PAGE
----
Most days, Emily Hancock is in her Afton print shop, hand carving linoleum or wood blocks, or setting old-fashioned type, space by space, letter by letter. Sometimes she’ll be at one of her collection of century-old presses, cranking each page out by hand or treadling it by foot like your grandmother might have done at her sewing machine.
For books and journals, her work’s not over when the pages are printed. To finish these, Hancock walks into her bindery, where she hand sews the pages together with linen thread.
It’s tedious work, and she usually doesn’t have the option of calling a mechanic if one of her several antique presses breaks down. She’s learned minor repairs, and is usually able to spot the faulty part and fix it on her own or with the help of a welder.
A few miles to the east, you’ll find Wolfgang Hermann working on some small, beautifully rendered paintings on card stock at his Midway Road studio. Hermann uses crayons, oils, glazes and watercolors to transfer the haunting, fluid visions in his head to notecards. It’s a hobby that’s replaced the few hours each day that formerly were spent watching television, but which gave him little satisfaction, he said.
He has a busy radon-mitigation business that occupies his days, and his artwork is unlikely to increase his income, since he gives most of it away for free.
Why do they do it?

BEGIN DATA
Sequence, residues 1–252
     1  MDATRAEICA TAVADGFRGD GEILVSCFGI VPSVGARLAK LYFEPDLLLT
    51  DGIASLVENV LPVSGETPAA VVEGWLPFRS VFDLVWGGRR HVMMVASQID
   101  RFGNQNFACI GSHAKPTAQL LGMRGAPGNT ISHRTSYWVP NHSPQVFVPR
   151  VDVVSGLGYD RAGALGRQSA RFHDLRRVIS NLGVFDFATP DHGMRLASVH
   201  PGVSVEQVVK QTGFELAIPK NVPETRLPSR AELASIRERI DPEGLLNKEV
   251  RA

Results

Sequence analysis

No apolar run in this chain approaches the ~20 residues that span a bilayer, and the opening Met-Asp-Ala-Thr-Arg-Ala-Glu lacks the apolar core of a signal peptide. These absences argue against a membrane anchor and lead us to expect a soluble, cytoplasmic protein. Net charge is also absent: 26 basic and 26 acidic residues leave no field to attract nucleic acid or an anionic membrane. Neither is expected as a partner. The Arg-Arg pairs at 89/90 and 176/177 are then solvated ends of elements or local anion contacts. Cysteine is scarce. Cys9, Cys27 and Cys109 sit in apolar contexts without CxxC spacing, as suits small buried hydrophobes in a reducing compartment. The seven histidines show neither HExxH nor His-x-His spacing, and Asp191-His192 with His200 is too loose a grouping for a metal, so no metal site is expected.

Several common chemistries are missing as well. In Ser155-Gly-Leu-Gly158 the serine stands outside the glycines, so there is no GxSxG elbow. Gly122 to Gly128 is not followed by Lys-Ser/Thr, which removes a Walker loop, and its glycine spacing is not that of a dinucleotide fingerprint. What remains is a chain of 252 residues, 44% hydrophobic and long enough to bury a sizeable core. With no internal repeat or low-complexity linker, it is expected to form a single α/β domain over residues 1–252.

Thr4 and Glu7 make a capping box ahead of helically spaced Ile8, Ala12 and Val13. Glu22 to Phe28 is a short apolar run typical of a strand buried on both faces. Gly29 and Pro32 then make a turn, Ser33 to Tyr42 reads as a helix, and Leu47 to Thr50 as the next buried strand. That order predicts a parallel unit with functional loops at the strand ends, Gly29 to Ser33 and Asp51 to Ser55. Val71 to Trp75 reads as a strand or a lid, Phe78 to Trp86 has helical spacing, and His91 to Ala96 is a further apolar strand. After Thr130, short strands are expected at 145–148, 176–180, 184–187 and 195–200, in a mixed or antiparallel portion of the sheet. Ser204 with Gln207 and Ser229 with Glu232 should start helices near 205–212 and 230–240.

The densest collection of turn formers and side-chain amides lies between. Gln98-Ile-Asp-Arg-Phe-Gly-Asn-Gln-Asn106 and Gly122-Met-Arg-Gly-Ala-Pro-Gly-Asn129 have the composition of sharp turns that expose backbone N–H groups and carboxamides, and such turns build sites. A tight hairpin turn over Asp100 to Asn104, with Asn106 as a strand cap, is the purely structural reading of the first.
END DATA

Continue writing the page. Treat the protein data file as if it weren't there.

Both are artists who delight in the visual appeal of their painstaking products and find contentment in work that combines the creative process with careful hand execution. But there’s another motive they share: Both Hancock and Hermann want to preserve the use of written language—letters, notes, cards, and journals—to communicate the body of ideas, feelings and small stories that make up our history.
“This is our culture,” Hermann said, “and we’re losing it.” He talked about the reluctance of children and teenagers to compose anything longer than a text message, a reluctance increasingly shared by their parents and grandparents. “When you go to the mailbox, you find mostly junk,” he said. “But when you find a card or a letter, that’s something special.”
That’s why he gives his hand-painted notecards without charge to anyone willing to write on them. There’s a big drain on his inventory each Thanksgiving, when he offers the cards, along with envelopes, to family members and friends who gather, encouraging them to send someone a note over the holidays.
Hermann has always had art in his life. He used art therapy in his work as a teacher at schools in southern Germany and Portugal, before coming to Crozet and taking a job at the Waldorf School in Charlottesville. Needing to supplement his income, he became qualified in radon mitigation and built his business, Central Virginia Radon Inspection.
In 2008 he discovered the work of Jean Sampson at McGuffey Art Center, a discovery that had a profound effect on him. He saw an exhibit of her large abstract paintings and couldn’t look away. “I’d been drawn to abstract art in the past, but I wasn’t interested in large geometric blocks of color,” he said. “Her work filled me with joy.”